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Youssef Kobo, a proud “Seat at the Table”

Sabine Cessou | Posted : January 14, 2022

“Entrepreneurial, curious, energetic”. This is how Youssef Kobo, a Belgian citizen coming from a Moroccan family, would describe himself in three words. Always on the road, this busy traveler is taking part in conferences and workshops all over the world. His line of work? He is an individual consultant on strategic innovation.

Despite the COVID-19 pandemic, he has launched his own enterprise, called New Blueprints, end of 2020. The demand is high for his talents of keynote speaker, coming from a variety of customers. “I am a generalist and my missions vary from advising on projects for European institutions to giving keynotes for multinationals or workshops to international think tanks”, Youssef Kobo explains.

He is also the founding director of A Seat at the table, a non profit organization he created in 2018 after participating to the Atlantic Dialogues conference in Marrakesh, to connect disadvantaged youth with opportunities and business. For this project, he consulted a number of Atlantic Dialogues Emerging Leaders (ADEL) from different cohorts, who all chipped in with ideas, feedback and so on. Youssef Kobo is also a columnist for De Tijd, and writes op-eds on geopolitics, innovation and youth for De Standaard and De Morgen. Dutch is his language, as he was born and raised in Mechelen, a city located between Brussel and Antwerp in the Dutch-speaking region of Flanders.

He is not interested in negativity in his writings. When asked about his feelings on the ongoing debates around the Moroccan and muslim community in Belgium, he replies: “This is very tiring and frustrating. Every single day, even before the 2016 terrorist attacks in Brussels and the Syrian refugee crisis, there is a national issue on Islam, Muslims, Moroccans, headscarves or what not. For some reason, we constantly talk about identity – an obsession in the public debate, but fortunately not in the everyday life and interactions in Belgium. There are some serious issues whith minorities when it comes to employment, but nothing of the scale of an apocalyptic disaster, as depicted by the media and the political elite”.

The Atlantic Dialogues, a life changing experience

This young leader has always kept a “strong and emotional connection with Morocco”, where he spent summers every year with his family, in the region of his parents, near Tetouan. This partly explains why the high-level conference Atlantic Dialogues, organized by the Policy Center for the New South, has been such a life changing experience for him. In early 2016, he met a Program Officer of the Policy Center at the Brussels Forum, a conference organized by the German Marshall Fund (GMF). “We got talking, because of our Moroccan roots, and this Program Officer told me I you should apply to the ADEL program”.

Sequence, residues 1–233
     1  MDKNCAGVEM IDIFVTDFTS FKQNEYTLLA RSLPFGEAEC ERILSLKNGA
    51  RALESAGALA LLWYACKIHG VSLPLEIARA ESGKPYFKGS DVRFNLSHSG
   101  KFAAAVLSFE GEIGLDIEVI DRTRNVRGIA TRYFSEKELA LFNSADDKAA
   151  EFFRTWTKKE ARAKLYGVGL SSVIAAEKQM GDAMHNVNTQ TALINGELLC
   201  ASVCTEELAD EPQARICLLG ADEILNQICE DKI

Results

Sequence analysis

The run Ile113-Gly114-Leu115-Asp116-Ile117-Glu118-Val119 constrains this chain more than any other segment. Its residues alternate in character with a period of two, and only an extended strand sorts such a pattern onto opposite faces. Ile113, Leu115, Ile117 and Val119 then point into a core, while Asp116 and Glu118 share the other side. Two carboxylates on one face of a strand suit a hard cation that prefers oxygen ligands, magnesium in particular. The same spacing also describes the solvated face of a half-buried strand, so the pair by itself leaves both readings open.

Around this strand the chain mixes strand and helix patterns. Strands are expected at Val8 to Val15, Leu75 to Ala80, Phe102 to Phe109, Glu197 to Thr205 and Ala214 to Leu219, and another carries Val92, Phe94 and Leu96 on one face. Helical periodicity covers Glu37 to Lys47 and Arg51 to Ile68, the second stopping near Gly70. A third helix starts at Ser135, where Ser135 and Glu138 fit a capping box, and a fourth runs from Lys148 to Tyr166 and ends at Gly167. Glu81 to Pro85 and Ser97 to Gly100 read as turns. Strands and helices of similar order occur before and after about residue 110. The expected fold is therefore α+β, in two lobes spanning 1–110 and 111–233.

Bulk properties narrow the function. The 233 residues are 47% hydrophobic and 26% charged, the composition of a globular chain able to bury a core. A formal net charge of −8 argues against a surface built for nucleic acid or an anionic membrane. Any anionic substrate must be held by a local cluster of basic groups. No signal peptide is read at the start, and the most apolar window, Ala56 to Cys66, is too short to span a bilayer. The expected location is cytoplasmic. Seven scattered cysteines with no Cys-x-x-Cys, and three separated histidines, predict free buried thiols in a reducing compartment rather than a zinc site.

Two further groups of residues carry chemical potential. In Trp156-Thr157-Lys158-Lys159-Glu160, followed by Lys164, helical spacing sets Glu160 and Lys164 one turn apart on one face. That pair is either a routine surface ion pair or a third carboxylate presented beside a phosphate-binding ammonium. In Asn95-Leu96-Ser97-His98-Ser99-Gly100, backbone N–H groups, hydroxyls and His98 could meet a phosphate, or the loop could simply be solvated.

His main incentive was that he’s “always felt like a big piece was missing” in his life – as big as Africa. “I was adamant to dive into Morocco, reconnect with my roots, and amazed by the opportunities and ventures that the Atlantic Dialogues made me discover in Africa”.  

The Policy Center for the New South,leading as an example, gave me the drive to come back more in Africa”, he further explains. Youssef Kobo was “so triggered, as a young Moroccan living in Belgium, to hear the vision of the Policy Center about how Africa should take charge of its own future and destiny”, that he launched A Seat at the Table soon after.

Shirley Chisholm as an inspiration

His non profit organization was inspired by a quote from Shirley Chisholm, the first African-American woman elected at the US House of representatives, in 1968: “If they don’t give you a seat at the table, bring your own folding chair”. Mentionned during a closing panel of the Atlantic Dialogues in 2016, this sentence lighted a spark that soon became a fire. “I believe in this mindset of reaching out to young people from a disadvantaged background” like himself, who comes from the lower part of the social ladder.

The self-made man, who has left university after two years of law studies, once understood that what sounded like “the most prestigious thing was too boring, and not for me”. When he left Marrakech in December 2016, his wish was to make sure he would stay in touch with ADEL Alumni, and create a local impact to give back to his community. In his mentoring programs for the youth, he often says: “If you want to be a leader, create your own opportunities”. Every week, A Seat at the Table organizes events with young professionals and students visiting international institutions, meeting CEO’s or taking part in workshops on soft skills.  

His aspirations for the future are quite simple : making his current activities grow bigger. “I like being constantly on the move, in a rapidly changing environment, generating social impact”. In his Brussels office, he is sitting in front of an impressive wall, made of over 2000 books he likes, from the ground to the ceiling. Among his latest reads, he mentions Niall Ferguson, author of Doom, the Politics of Catastrophe (2021), the autobiography of the US actor Will Smith, and The Laws of Human Nature (2018) by Robert Greene.

Youssef Kobo has returned to the Atlantic Dialogues as a speaker, and is grateful that the Policy Center is “investing in its Alumni, something you don’t often see in other conferences and leadership programs”.


You can consult Youssef’s portrait along with others on the ADEL Alumni Portrait page.

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